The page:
Listening to Marc Maron’s WTF pod-cast with Andrea Martin this morning, I was struck by one of his statements about the relationship between comics and the industry: “Show business is not your parents.” Hollywood (or whatever industry you’re trying to enter) is not going to just tell you you’re great and give you whatever you want.
Maron, who was described by Rolling Stone as “One of the darkest, funniest, most influential figures in comedy today,” has delivered this message before. In 2011, Maron presented the Keynote Address at the Just For Laughs Comedy Conference in Montreal and gave young comics advice, including,
Show business is not your parents. When you get to Hollywood you should have something more than, “Hey! I’m here! When do we go on the rides?”
I think this is a lesson that has to be learned by anyone who thinks s/he has something creative to offer the world (not just comics, since I’m certainly not a comedian); the problem is that the world doesn’t necessarily want whatever you’re offering. You can’t just put it out there and assume it’s going to go anywhere. Instead, to “make it” (whatever that means) as an artist, you have to take extreme risks:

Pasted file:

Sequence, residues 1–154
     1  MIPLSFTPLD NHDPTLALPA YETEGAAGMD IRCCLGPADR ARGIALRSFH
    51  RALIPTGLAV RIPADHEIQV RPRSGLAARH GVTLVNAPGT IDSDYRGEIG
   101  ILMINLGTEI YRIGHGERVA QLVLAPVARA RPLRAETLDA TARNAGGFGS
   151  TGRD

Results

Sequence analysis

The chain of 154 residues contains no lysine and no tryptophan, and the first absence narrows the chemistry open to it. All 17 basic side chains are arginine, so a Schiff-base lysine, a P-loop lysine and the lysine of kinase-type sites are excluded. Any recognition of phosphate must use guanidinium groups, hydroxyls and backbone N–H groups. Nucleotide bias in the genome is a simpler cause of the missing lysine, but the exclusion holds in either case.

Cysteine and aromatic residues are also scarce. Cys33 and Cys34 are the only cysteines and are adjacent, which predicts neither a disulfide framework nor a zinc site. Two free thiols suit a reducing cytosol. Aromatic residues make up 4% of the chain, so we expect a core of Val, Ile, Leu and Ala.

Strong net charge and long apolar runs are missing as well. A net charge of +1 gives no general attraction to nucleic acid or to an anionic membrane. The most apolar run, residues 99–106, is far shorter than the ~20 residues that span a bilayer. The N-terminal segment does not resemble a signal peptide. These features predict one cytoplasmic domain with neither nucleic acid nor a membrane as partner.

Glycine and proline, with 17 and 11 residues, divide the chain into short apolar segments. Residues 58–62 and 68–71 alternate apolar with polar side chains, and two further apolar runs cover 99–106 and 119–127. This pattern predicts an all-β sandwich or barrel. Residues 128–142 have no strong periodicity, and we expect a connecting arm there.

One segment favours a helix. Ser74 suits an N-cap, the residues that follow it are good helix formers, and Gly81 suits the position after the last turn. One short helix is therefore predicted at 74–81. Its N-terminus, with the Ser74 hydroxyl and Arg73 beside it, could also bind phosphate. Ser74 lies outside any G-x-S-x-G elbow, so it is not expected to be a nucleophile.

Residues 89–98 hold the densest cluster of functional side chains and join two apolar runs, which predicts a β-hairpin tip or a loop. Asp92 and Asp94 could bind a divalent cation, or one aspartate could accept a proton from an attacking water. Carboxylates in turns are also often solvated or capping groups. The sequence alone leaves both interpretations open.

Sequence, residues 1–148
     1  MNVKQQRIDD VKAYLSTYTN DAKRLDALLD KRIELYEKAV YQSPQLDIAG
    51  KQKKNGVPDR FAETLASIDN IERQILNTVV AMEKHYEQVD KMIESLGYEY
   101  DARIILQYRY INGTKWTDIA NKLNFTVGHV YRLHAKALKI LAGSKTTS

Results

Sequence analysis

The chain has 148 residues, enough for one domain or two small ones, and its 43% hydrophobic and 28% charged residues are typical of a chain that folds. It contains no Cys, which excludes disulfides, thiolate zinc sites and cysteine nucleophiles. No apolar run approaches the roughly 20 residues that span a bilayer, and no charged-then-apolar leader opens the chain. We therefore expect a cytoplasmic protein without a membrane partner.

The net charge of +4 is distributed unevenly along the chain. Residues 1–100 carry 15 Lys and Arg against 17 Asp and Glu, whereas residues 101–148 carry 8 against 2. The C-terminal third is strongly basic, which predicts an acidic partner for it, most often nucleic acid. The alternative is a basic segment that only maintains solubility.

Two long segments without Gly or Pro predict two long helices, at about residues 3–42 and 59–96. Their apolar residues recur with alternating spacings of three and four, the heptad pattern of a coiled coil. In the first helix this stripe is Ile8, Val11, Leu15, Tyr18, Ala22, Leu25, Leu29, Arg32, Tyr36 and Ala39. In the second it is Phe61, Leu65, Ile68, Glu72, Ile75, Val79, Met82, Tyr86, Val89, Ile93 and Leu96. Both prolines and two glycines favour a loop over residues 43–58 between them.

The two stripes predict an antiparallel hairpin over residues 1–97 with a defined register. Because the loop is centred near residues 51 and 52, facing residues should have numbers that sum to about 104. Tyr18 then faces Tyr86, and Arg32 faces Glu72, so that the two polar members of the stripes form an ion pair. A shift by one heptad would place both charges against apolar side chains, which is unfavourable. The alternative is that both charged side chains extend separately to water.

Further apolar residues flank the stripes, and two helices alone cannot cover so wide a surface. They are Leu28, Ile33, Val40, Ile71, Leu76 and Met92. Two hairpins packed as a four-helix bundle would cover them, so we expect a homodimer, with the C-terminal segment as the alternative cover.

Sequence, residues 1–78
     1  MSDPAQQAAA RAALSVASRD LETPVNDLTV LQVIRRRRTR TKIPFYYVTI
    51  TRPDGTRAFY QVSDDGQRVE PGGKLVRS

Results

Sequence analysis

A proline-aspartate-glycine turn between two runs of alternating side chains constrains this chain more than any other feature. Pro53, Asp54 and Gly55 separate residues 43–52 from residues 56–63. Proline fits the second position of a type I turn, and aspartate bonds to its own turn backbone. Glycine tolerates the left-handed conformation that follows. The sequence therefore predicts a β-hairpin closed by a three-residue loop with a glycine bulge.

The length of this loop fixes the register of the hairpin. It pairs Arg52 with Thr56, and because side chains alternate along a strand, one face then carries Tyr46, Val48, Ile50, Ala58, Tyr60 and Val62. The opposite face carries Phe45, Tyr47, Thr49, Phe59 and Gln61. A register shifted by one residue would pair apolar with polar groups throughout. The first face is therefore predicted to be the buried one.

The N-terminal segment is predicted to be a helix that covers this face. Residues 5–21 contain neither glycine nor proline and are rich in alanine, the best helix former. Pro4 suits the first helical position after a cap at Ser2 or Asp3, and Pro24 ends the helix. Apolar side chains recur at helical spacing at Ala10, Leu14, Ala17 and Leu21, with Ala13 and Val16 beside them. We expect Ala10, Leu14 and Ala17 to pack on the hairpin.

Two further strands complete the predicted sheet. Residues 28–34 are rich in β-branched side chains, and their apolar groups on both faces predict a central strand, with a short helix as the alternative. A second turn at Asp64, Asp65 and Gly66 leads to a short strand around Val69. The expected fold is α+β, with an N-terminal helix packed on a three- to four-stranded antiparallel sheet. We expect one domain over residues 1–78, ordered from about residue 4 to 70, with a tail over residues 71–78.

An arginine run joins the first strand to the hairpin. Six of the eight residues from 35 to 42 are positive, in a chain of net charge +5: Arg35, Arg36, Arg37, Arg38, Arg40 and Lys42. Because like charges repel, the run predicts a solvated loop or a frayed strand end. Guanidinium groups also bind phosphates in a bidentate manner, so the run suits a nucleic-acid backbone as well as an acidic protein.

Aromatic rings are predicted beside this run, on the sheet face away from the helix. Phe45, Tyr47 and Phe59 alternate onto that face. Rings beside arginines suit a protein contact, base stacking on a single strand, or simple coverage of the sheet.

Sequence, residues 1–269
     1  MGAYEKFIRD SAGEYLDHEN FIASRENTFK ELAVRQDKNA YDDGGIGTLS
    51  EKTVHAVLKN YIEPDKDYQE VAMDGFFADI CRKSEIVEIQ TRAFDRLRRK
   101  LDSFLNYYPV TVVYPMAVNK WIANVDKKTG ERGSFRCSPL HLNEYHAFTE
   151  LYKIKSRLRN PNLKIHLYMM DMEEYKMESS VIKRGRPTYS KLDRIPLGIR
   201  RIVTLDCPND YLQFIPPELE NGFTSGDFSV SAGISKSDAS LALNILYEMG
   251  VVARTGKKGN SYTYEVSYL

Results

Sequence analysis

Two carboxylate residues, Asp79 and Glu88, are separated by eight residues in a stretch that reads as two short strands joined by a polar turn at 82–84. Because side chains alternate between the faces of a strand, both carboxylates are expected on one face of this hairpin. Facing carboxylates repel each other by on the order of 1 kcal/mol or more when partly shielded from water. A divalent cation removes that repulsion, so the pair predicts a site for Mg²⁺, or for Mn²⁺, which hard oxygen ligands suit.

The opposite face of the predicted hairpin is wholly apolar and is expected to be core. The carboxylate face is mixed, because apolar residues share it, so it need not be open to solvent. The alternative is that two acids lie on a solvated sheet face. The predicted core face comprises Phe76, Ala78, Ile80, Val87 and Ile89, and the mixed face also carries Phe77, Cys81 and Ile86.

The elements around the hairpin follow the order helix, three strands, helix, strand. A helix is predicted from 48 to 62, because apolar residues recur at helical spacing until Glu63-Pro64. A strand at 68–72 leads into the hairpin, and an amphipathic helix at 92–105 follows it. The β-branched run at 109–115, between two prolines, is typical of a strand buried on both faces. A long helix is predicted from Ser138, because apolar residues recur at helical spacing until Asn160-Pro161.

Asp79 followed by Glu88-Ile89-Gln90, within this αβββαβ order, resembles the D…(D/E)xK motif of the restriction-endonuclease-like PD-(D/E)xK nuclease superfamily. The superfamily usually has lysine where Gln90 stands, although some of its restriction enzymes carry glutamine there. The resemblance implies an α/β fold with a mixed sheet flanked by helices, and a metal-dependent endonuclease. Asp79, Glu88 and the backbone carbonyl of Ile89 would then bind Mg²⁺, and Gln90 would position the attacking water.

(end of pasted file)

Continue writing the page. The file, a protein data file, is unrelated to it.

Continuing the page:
I respect anyone who goes all in to do what I consider a noble profession and art form. […] Whatever it is, we comics are out there on the front lines of our sanity. We risk all sense of security and the possibility of living stable lives to do comedy.
I would love to be the kind of person who can have such faith in herself that she risks everything to “make it.” The problem (at least for me) is that I need security. Especially in today’s age of economic struggle, the idea of not knowing where my rent will come from next month is just about the scariest thing I can think of, barring a major illness. Maron, who now has one of the top pod-casts and a television series, spoke to one of his extreme low moments:
25 years in and I had nothing. I was sitting alone in my garage in a house I was about to lose. […] Fuck, you can build a clown, and they might not come.
This is absolutely terrifying to me. I never want to sit in a garage and have that realization. So instead, I try to work the creativity into the spaces left in my life once the job and the commute and the responsibilities are taken care of. It’s compulsive, even if I don’t do it compulsively full time, because I can’t delude myself into thinking it will be worth it:
Delusion is necessary to do this. […] Some of you will get [opportunities] and they will go nowhere and then you have to figure out how to buffer that disappointment and because of that get funnier or fade away. Some of you may be perfectly happy with mediocrity. Some of you will get nothing but heartbreak.
Is it weird that I find comfort knowing there are other artists out there struggling to find this balance? Sometimes it’s heartbreaking to me that I’ve “given up” on myself, and sometimes it’s comforting that I’ve come around to the fact that the world won’t just give me an artistic career on a platter and I’ll still be ok.
Check out the rest of Marc Maron’s address and advice for young comics here.